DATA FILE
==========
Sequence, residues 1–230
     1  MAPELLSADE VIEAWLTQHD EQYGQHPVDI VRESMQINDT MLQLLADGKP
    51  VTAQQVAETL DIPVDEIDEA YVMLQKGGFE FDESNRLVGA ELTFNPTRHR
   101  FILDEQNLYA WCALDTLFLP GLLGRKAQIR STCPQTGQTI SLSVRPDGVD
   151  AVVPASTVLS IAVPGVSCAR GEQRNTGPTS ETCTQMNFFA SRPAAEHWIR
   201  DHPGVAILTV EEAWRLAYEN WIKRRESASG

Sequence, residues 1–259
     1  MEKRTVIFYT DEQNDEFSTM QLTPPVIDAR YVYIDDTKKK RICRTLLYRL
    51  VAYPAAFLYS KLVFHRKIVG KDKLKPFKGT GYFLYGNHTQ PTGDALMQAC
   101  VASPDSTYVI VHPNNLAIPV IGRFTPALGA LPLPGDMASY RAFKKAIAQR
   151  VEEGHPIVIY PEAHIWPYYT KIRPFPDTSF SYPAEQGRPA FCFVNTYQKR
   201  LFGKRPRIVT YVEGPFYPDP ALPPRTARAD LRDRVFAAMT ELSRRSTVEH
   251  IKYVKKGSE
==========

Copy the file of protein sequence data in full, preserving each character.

Sequence, residues 1–230
     1  MAPELLSADE VIEAWLTQHD EQYGQHPVDI VRESMQINDT MLQLLADGKP
    51  VTAQQVAETL DIPVDEIDEA YVMLQKGGFE FDESNRLVGA ELTFNPTRHR
   101  FILDEQNLYA WCALDTLFLP GLLGRKAQIR STCPQTGQTI SLSVRPDGVD
   151  AVVPASTVLS IAVPGVSCAR GEQRNTGPTS ETCTQMNFFA SRPAAEHWIR
   201  DHPGVAILTV EEAWRLAYEN WIKRRESASG

Sequence, residues 1–259
     1  MEKRTVIFYT DEQNDEFSTM QLTPPVIDAR YVYIDDTKKK RICRTLLYRL
    51  VAYPAAFLYS KLVFHRKIVG KDKLKPFKGT GYFLYGNHTQ PTGDALMQAC
   101  VASPDSTYVI VHPNNLAIPV IGRFTPALGA LPLPGDMASY RAFKKAIAQR
   151  VEEGHPIVIY PEAHIWPYYT KIRPFPDTSF SYPAEQGRPA FCFVNTYQKR
   201  LFGKRPRIVT YVEGPFYPDP ALPPRTARAD LRDRVFAAMT ELSRRSTVEH
   251  IKYVKKGSE